It has often been said that the Solution Focused Approach is easy to learn but hard to do, and I would have to agree. Thinking back to the time when I was introduced to SFBT, there has always been something about this method that made sense to me. The theoretical orientation of this just jumped off of the pages of the books and articles I was reading, and I knew this was the way I was supposed to be working.

However, no matter how much I understood the theory of the approach, nothing really prepared me to do it in session with actual clients other than practice, lots of practice. I saw clients while working in an agency and I saw clients while working in private practice. I’ve seen clients in group settings, in couples therapy and of course individual counseling. I have also seen clients from problems that are on the highest end on the severity scale all the way to the lowest.

Eventually something stood out to me and has had a significant on the way share this approach with those that are looking to improve or sharpen their skills. What I noticed in all of those experiences above was that the process of SFBT in session didn’t change. Meaning, in SFBT, there is no difference in the way we conduct sessions with someone who is looking to overcome depression or a couple that has experienced infidelity.

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No matter what, the first task of the clinician using this approach is to establish the desired outcome for the therapy, then to elicit a detailed description about the presence of that desired outcome, and then to close the session with feedback and possibly a suggestion or two.

This is part of what makes the Solution Focused Approach so different from  the problem focused ways of working. Most approaches are impacted significantly by the problem that brought the client into therapy (even though there is almost no research supporting that matching intervention to symptom is effective).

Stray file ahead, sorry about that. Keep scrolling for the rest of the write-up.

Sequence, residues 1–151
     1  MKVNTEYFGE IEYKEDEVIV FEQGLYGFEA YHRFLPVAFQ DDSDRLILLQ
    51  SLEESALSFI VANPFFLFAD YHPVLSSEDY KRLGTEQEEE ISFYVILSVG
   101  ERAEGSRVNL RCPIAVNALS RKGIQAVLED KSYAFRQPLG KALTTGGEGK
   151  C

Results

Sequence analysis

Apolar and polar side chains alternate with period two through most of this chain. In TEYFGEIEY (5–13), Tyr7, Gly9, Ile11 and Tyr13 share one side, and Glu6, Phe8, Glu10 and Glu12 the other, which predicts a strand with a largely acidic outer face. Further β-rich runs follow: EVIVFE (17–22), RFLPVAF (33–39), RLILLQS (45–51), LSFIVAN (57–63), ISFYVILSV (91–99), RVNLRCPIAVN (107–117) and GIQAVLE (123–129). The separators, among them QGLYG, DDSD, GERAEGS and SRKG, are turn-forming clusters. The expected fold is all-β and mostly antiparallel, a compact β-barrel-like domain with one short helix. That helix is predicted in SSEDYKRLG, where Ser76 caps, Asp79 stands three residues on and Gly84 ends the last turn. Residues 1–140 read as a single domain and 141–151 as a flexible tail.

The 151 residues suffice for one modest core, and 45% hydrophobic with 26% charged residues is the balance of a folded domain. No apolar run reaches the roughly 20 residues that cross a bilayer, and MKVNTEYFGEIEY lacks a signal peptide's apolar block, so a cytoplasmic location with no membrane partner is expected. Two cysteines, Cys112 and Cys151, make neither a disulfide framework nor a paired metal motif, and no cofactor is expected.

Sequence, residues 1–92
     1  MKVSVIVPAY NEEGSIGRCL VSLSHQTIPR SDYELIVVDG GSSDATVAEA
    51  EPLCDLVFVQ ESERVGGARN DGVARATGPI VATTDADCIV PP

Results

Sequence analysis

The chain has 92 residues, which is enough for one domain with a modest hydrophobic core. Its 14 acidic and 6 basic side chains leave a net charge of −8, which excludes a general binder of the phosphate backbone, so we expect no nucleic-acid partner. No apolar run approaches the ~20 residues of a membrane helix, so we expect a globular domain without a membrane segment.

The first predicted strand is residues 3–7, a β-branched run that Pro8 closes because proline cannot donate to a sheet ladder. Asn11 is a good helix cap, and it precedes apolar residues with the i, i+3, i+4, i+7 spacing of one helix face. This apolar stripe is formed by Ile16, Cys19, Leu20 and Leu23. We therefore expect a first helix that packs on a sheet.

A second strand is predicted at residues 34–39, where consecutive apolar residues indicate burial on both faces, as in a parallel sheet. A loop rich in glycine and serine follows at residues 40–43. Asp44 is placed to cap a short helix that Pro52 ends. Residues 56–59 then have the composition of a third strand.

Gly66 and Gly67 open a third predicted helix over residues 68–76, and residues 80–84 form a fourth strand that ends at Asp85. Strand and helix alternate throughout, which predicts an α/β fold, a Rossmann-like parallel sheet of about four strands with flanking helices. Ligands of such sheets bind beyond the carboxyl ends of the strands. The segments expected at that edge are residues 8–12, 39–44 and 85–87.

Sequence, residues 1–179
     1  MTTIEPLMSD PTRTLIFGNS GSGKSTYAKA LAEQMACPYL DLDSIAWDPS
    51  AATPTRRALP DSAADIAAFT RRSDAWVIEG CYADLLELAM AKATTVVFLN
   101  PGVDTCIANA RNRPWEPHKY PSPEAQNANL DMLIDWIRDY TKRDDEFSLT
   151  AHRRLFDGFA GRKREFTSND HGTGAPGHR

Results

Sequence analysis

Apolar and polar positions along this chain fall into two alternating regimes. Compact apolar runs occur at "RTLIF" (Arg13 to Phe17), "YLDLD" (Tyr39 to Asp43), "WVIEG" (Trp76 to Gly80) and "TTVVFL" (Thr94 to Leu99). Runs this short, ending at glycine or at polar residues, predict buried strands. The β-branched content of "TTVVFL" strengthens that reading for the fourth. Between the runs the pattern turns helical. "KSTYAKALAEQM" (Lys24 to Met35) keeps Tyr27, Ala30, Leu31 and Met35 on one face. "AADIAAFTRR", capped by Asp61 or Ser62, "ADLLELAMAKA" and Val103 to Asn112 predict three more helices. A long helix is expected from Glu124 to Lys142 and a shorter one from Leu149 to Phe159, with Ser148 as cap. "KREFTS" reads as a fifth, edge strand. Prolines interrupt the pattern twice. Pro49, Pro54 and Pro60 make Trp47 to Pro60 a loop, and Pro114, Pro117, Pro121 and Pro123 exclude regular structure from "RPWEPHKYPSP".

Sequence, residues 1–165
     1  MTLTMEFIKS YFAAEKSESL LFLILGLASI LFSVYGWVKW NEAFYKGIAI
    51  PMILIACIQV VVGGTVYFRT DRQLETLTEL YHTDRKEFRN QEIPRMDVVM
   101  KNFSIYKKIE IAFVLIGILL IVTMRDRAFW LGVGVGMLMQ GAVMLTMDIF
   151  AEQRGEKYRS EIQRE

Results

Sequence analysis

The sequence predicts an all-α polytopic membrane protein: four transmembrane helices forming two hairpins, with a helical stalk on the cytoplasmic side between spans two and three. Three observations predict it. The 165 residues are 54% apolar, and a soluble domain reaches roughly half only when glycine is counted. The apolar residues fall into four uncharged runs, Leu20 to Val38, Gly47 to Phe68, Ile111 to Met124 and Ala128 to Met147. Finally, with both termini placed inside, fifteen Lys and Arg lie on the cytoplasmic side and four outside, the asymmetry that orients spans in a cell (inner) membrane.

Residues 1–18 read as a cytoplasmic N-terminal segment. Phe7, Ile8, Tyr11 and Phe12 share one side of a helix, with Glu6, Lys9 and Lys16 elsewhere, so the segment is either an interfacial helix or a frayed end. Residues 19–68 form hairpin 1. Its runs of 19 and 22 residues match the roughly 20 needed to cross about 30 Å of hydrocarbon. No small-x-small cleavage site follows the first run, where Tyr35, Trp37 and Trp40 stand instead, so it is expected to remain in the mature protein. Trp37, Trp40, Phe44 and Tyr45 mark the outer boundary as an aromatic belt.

So then, what is the best way to learn this approach? The answer is clear; it is not so much about learning how to do it with this problem or that symptom. It is better to learn SFBT as a language, to become fluent in this way of talking so that it does not matter what problem brought a person (group or couple) into therapy. Your role remains the same and that is to walk the client through a solution building conversation.

But here’s the trick: you have to trust the process, you have to trust that the client has the capacity to change, and you have to have confidence in your ability to develop questions in the session. That is why my events and training materials are rarely “SFBT with….” Instead, I focus on the language and develop events and materials designed to help you become fluent in this approach.

I invite you to pursue learning this approach as a process language and not just the techniques, and to pursue fluency in SFBT instead of trying to become an expert on client problems. Build up your trust in yourself as well as your client, that is where the true essence of this approach becomes apparent.

Best,
Elliott